190km to go: It took just a few hundred metres for the day's breakaway to form, and already the peloton have sat up, gifting them a lead of 5.35. Among the escapees are three Italians: Stefano Gandin (Corretec-Sella Italia), Alessandro Verre (Arkéa-Samsic) and Mattia Bais (Eola-Komota). They are joined by the French duo Thomas Champion (Cofidis) and Paul Lapeira (AG2R-Citröen)
What's in store today?
Mostly flat terrain and then a probable bunch sprint in San Selvo. The likes of Australians Kaden Groves (Alpecin-Deceuninck) and Michael Matthews (Jayco-AlUla) will be in contention, as will Trek-Segafredo's Mads Pedersen and Astana-Qazaqstan's Mark Cavendish.
Interesting story from the RadioCycling podcast in the past 24 hours of how a Russian cyclist in the women's peloton is partly-funded by a sports organisation with deep links to the Russian military.
You can read more here.
170km to go: The breakaway's gap has been reduced to 3-50, and everyone seems to be having a jolly good time in the May sun. Not much happening at all.
130km to go: The gap between the peloton and the five-man breakaway has been reduced to two minutes, with Trek-Segafredo and Alpecin-Deceuninck sitting on the front of the peloton to keep them in check.
La Vuelta Femenina: of course, it's not just the Giro taking place. Today also marks the seventh and final day of the Vuelta Femenina, with the peloton just 20km out from climbing Lagos de Covadonga.
We'll keep you abreast of developments.
As we were at the Giro, but at the Vuelta Femenina the peloton have just climbed onto the lower slopes of the Lagos de Covadonga. A reminder: Annemiek van Vleuten leads Demi Vollering by 1-11.
Ten kilometres from the line in the Vuelta Femenina... and Demi Vollering attacks! The SD Worx rider has to take back 71 seconds on Annemiek van Vleuten of Movistar if she wants to win. The day's biggest drama is taking place in Spain.
5.5km to go at the Vuelta Femenina and the front group is Demi Vollering, Annemiek van Vleuten and yesterday's winner Gaia Realini. Vollering needs to gain 1-11 on Van Vleuten.
3.5km remaining at the Vuelta Femenina and Vollering and Realini have 23 seconds on Van Vleuten. As it stands though the latter will still win the race.
Van Vleuten narrowly wins Vuelta Femenina from Demi Vollering
That was an absolutely thrilling conclusion to the Vuelta Femenina. Demi Vollering wins her second stage in the fog at the top of Lagos de Cavadonga... but it's Annemiek van Vleuten who wins the race overall, the world champion just holding onto red by just nine seconds.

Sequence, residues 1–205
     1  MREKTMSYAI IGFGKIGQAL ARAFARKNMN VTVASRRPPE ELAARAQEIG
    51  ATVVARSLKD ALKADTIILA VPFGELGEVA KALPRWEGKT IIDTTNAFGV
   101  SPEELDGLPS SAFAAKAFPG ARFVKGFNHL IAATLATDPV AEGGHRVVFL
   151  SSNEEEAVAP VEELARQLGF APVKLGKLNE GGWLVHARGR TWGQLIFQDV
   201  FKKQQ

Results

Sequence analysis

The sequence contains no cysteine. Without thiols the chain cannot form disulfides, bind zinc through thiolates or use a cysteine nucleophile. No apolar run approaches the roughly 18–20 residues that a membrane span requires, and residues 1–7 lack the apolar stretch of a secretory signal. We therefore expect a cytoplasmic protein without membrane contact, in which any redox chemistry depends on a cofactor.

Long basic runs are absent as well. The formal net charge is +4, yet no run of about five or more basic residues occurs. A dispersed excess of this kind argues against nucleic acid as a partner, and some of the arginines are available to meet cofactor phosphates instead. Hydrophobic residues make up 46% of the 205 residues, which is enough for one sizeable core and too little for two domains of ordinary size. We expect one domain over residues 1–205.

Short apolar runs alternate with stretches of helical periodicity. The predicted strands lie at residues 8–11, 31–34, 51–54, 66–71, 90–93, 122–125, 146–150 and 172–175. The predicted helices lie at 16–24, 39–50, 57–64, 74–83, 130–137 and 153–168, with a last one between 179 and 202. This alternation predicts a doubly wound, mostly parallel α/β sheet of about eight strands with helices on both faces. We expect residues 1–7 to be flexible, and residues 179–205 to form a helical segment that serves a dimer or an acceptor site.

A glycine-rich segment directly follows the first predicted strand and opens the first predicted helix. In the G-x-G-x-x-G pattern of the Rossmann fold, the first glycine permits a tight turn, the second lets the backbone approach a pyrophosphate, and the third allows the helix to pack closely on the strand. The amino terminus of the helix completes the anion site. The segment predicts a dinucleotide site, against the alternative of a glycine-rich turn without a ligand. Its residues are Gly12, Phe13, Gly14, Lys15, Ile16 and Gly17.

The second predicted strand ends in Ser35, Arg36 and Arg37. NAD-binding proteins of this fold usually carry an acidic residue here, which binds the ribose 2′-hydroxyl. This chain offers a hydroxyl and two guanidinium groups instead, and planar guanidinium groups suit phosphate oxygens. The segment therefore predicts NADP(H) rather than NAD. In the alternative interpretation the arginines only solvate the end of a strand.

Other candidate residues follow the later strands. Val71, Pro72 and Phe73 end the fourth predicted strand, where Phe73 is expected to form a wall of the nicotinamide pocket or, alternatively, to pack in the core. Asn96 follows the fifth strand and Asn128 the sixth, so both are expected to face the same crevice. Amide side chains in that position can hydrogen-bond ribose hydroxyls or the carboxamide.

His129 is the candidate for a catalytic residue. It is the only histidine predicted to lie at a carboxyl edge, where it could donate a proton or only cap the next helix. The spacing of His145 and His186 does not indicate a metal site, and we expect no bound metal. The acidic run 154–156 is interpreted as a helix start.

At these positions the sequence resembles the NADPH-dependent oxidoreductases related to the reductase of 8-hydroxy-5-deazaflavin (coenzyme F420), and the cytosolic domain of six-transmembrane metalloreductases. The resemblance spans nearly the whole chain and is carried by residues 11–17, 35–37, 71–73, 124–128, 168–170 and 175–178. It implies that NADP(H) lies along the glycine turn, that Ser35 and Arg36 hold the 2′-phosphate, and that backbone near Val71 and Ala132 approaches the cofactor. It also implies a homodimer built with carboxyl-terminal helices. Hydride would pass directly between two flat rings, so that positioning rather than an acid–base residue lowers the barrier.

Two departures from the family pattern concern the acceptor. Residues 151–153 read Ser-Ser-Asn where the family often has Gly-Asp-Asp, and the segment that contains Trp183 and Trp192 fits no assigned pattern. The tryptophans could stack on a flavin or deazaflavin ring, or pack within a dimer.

Gaia Realini, the breakthrough star of this Vuelta, finishes second on the stage and confirms her star potential.
Great excitement in the Vuelta Femenina, but at the Giro d'Italia we still have a race on mute. Alessandro Verre has been caught by the peloton, but the other four riders remain out front by around two minutes. Still 70km to go until the finish.
40km to go: The peloton are within 30 seconds of catching the breakaway.
25km to go: The peloton have been all together for around 10km now, and it's Trek-Segafredo won are on the front, working on behalf of Mads Pedersen who has made it clear he wants to win the race's points jersey.
7km to go: The finish in San Salvo is approaching and it's Alpecin-Deceuninck, working on behalf of Kaden Groves, who are currently at the front.
Crash with 4.8km to go!
It can always happen in the finale of a sprint, and Movistar's Max Kanter and DSM's Martijn Tusveld have collided in a narrow part of the road. It looks like Mark Cavendish has been caught by the fall.
Jonathan Milan wins stage two of the Giro d'Italia!
Jonathan Milan takes the biggest victory of his career, charging through the middle of the bunch sprint to nudge past Kaden Groves who had enjoyed a strong leadout from Alpecin-Deceuninck. The latter was even pipped to second place by David Dekker of Arkéa-Samsic.
It looks like Tao Geoghegan Hart lost 19 seconds today after being caught by the crash but we're still waiting for confirmation.
You can read the full race report from stage two of the Giro d'Italia here.